This Saturday, 14th July 2018, marks the fourth annual Day of Memory for victims of ‘honour’-based violence (HBV). In this short post, Becki explains how the day came to be, why we need it, and what is being done to ensure that those who have lost their lives to so-called honour are never forgotten.
This coming Saturday, Shafilea Ahmed would turn 32. If her aspirations at school were anything to go by, she would now be enjoying life as an established barrister. However, Shafilea never made it this far; in fact, she never made it past 17. In 2003, she was brutally murdered by her parents at home in Warrington, Cheshire. Concerned that Shafilea was becoming too ‘westernised’ and bringing shame on the family, her mother and father suffocated her in front of her four younger siblings by forcing a plastic bag down her throat.
Although harrowing, and likely unbelievable to some, Shafilea’s case is far from unique. Every year, thousands of individuals across the world are victims of so-called ‘honour killings’ – murdered, by the very people who claim to love them, because they are believed to have brought their family or community into disrepute. You’ll often see the figure of 5,000 ‘honour killings’ globally per year bandied about, which includes 12 in the UK, but the truth is we don’t know how extensive the problem is. These statistics are of questionable empirical origin, and they don’t account for murders which go unreported, or which are disguised as accidents or suicides.
Shafilea’s story, like those of countless other victims of ‘honour killing’ is one of a life curtailed way before its time. Tragic though this is, there are those committed to ensuring that Shafilea’s memory does not get forgotten. Shafilea was the inspiration behind the Day of Memory for victims of HBV, which was established in 2015 through a collaborative campaign between UK-based HBV charity Karma Nirvana and Cosmopolitan magazine. It is celebrated every year on 14 July – Shafilea’s birthday.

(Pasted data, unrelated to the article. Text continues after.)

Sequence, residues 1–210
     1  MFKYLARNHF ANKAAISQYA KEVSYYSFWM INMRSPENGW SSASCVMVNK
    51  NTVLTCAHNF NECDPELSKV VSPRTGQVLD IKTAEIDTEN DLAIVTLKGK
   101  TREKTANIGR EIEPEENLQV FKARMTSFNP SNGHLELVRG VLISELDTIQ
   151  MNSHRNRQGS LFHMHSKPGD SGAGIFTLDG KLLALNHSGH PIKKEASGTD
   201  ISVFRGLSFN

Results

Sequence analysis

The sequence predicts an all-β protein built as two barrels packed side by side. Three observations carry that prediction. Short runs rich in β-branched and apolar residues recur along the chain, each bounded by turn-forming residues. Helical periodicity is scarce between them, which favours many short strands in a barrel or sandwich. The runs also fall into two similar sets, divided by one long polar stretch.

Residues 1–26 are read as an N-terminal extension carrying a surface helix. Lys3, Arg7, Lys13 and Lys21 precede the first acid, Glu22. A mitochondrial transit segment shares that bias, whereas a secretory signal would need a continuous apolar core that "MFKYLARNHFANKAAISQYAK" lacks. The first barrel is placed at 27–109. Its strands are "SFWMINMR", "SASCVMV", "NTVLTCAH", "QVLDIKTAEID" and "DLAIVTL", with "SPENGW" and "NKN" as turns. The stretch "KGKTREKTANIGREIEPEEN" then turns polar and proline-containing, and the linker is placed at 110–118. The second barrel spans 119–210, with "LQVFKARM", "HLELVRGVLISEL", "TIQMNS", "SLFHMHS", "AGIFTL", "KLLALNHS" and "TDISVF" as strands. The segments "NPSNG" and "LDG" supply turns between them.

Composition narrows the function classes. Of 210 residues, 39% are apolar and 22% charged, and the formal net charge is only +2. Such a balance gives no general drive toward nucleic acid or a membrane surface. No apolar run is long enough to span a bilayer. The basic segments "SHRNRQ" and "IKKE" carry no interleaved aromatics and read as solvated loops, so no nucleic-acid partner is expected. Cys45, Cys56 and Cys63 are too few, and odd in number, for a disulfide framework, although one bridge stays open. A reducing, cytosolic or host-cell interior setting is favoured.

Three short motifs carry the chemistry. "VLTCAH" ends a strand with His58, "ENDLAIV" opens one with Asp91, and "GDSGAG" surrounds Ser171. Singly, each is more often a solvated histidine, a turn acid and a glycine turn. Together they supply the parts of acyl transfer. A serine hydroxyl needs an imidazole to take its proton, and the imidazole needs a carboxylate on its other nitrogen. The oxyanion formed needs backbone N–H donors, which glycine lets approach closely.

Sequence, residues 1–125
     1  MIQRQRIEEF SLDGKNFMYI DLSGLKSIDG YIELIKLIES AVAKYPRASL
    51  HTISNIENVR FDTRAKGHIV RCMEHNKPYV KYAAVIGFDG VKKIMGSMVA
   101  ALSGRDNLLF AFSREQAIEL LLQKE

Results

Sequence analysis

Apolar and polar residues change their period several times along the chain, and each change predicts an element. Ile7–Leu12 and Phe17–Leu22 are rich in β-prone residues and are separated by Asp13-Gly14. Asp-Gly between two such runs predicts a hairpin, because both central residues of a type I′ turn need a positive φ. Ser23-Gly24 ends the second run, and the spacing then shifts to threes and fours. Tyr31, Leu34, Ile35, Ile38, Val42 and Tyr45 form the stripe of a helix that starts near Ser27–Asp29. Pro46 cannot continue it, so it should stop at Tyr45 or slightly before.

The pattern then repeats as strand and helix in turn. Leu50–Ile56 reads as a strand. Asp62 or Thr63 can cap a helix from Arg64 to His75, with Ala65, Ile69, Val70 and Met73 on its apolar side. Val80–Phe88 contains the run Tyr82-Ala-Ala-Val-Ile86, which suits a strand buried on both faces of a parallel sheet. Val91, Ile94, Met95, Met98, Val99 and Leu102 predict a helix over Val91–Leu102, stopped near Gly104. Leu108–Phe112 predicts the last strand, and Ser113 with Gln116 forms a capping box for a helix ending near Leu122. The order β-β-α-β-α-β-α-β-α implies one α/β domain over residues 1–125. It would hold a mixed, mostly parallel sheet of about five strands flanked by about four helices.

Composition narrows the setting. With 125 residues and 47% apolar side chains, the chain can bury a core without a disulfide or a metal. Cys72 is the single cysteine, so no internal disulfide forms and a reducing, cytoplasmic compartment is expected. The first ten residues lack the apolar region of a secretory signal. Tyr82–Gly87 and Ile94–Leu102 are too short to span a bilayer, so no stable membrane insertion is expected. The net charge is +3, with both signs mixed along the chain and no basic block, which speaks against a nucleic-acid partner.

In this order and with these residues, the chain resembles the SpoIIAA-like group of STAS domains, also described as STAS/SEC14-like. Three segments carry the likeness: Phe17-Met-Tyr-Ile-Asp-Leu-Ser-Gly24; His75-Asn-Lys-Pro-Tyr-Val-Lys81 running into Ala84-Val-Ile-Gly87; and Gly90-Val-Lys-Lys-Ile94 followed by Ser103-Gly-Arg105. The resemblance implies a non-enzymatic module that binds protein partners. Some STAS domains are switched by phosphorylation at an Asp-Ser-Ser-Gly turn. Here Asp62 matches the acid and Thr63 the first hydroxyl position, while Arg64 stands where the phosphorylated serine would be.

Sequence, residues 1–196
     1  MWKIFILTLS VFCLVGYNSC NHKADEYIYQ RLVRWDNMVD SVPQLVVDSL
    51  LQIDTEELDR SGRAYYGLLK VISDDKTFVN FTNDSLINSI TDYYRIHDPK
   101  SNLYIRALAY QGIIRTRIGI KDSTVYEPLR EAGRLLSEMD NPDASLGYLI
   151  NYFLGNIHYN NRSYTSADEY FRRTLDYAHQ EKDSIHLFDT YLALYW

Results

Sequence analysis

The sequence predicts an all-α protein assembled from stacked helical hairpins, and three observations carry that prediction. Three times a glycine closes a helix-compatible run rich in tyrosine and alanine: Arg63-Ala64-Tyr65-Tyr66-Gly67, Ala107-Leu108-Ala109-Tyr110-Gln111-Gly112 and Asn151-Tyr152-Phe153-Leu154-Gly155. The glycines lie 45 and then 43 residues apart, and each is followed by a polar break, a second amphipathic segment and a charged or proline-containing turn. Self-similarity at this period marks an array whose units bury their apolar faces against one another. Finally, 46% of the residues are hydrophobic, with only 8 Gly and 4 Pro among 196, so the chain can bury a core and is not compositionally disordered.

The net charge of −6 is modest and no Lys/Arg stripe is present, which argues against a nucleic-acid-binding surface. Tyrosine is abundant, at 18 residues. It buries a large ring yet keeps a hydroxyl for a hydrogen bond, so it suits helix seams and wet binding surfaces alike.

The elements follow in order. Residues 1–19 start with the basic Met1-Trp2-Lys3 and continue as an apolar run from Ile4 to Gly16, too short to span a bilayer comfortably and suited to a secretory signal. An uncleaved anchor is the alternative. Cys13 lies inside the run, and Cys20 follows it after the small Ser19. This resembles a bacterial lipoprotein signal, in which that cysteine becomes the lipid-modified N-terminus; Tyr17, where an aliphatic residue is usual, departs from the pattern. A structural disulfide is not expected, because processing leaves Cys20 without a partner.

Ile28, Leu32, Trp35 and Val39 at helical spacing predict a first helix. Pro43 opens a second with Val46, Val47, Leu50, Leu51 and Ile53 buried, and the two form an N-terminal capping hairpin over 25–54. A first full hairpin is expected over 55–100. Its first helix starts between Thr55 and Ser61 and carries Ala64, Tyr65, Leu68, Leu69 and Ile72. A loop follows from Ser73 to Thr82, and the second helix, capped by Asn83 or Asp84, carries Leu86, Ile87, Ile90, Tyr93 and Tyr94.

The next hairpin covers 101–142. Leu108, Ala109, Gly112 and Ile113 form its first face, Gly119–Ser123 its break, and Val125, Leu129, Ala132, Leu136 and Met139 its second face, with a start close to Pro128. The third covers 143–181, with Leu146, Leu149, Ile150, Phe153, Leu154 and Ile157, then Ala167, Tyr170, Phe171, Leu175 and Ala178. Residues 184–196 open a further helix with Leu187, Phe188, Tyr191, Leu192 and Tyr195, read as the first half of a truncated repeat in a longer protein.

Source: Cosmopolitan UK
The campaign for the Day of Memory – entitled ‘Britain’s Lost Women’ – was brave and unambiguous in its message. Limited-edition covers of Cosmopolitan magazine depicting a young woman suffocating behind the magazine’s outer plastic wrap were produced and handed out in Parliament. Although this was probably very difficult to look at, there can be little doubt that the controversial cover was successful in conveying the heinous nature of these acts.
The Day of Memory has proven an invaluable tool in the continued endeavour to rupture the silence that has long-surrounded HBV and ‘honour killings’. Since its inception four years ago, it has encouraged individuals and organisations to take part in conversations about this form of abuse, whether this is through hosting national conferences or something smaller, like releasing balloons in memory of the victims. This year, there are a series of awareness-raising activities going on throughout this week – you can keep up with the latest news via Twitter using the hashtags #weremember and #stirringuptheconversation.
Open dialogue is the greatest ally in combating HBV and ‘honour killings’, and the Day of Memory ensures that this prevails. Whatever you are doing this Saturday, please take a moment to remember Shafilea and all the others whose lives have been cut short because of a misinterpreted notion of honour.